Instead, Leadership Challenge demonstrates how leaders at all levels can have a huge, positive impact on their organizations. It can help leaders at all levels, even team members and individual contributors, not only to understand how they can lead, but how they can immediately apply what they have learned. The latest update also addresses the recent challenges of shrinking work forces, rising cynicism and expanded telecommunications.

Hostage at the Table
George Kohlrieser (2006, Jossey-Bass)

We have worked closely with former hostage negotiator George Kohlrieser in leadership development programs, and we find that what he brings to the table are his unique experience and perspectives for everyone, including managers.

George's world view is very connected to the heart, mind and spirit. The major themes that spin out from this perspective are (a) how we view the world, the power of the 'mind's eye', (b) everyone's fundamental need of a 'secure base' that results from bonding to other people as well as to stimulating concepts such as goals, country, beliefs, etc., and (c) the art of conflict resolution...negotiation through effective dialogue and emotional intelligence.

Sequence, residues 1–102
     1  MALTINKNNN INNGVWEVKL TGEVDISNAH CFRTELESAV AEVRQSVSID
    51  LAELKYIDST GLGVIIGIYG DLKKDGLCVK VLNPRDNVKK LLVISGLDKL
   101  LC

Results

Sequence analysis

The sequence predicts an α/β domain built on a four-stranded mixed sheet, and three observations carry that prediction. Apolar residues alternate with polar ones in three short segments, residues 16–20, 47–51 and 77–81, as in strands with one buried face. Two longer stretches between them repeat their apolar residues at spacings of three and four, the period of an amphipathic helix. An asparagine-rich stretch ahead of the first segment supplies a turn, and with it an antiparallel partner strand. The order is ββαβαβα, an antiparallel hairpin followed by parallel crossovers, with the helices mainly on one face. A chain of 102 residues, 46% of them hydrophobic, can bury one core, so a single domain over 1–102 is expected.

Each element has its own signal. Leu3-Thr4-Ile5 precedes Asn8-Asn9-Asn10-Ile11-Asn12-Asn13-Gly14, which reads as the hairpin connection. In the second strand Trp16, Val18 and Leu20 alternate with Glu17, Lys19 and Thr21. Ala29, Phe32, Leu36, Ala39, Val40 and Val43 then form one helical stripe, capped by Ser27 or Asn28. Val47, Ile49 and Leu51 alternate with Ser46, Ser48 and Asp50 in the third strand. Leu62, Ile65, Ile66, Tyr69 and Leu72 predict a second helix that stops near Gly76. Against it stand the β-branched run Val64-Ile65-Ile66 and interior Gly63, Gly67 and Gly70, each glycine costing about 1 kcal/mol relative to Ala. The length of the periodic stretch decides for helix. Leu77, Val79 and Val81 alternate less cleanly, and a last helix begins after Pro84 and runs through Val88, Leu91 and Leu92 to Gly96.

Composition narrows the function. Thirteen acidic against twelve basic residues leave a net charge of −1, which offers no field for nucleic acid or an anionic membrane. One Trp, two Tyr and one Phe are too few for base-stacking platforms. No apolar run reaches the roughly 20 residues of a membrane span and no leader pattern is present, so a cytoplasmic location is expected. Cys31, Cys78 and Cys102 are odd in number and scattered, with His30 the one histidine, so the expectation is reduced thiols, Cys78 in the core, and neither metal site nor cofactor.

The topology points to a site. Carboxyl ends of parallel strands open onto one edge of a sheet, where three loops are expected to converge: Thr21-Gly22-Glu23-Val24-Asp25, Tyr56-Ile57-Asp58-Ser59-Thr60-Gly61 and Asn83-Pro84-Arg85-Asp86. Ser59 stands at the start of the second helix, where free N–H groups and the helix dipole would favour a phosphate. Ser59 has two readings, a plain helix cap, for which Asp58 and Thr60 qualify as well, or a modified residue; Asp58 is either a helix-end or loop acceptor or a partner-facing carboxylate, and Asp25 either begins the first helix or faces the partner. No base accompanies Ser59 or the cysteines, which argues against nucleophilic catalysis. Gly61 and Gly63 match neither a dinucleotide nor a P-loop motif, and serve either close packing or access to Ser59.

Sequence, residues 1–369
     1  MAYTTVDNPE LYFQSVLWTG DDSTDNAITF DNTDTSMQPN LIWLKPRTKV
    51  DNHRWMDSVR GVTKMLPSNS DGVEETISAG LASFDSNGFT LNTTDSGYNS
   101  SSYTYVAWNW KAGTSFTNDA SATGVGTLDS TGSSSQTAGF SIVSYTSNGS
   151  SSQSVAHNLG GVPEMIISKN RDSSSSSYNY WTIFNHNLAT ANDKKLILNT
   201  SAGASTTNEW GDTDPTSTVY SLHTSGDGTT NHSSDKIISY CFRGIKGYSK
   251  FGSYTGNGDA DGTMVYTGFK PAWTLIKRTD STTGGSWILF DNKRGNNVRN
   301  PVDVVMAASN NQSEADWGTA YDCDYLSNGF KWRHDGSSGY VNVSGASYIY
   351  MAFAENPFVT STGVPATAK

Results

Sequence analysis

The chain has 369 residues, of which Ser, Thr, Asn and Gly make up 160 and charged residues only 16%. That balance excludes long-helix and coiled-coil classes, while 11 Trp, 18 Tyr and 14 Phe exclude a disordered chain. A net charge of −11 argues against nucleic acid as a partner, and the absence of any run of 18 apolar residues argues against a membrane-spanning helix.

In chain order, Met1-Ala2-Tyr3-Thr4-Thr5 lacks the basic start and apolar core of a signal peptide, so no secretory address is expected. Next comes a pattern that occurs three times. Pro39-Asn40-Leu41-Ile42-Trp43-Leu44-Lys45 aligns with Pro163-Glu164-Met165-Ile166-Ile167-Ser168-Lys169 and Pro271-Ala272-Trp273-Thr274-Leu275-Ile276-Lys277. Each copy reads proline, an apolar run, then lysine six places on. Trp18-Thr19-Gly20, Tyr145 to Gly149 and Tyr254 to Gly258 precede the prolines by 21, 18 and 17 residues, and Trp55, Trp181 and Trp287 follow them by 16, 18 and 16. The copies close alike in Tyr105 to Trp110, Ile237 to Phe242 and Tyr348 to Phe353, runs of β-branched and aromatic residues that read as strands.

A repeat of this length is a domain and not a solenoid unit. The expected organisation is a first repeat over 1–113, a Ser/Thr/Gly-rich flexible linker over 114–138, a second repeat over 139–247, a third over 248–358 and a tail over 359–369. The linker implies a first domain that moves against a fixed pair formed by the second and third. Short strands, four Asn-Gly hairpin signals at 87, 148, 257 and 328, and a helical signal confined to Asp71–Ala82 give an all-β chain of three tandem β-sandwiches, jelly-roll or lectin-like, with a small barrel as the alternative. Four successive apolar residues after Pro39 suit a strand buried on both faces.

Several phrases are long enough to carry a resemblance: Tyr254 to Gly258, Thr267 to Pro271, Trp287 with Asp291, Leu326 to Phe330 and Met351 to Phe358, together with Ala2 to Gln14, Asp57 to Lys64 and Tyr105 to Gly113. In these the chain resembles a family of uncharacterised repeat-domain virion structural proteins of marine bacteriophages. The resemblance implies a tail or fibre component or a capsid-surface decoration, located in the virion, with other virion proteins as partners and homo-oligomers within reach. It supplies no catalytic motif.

The overall objective, he says, is to develop a 'hostage-free state of mind,' and to achieve high performance in our lives and work. For example, don't be figuratively 'taken hostage' by another's unfair negotiating tactics. And in turn, don't take a subordinate hostage by imposing unrealistic expectations. We have much to learn from someone who has actually had to negotiate at gunpoint, and George takes the next step by inviting us to view life as 'an adventure, a journey, and an opportunity to learn, to contribute, to grow every minute, every hour, every day.'

Leaders at All Levels
Ram Charan (2008, Jossey-Bass)

The prolific Ram Charan ('America's leading consultant,' no less) writes books faster than we can read them. But whenever we're able to catch our breath, we find he's given us something of value. Leaders at All Levels addresses the problem of leadership succession. Charan warns that we have a serious problem in American management today — more and more CEOs are failing, and there is an acute shortage of capable replacements.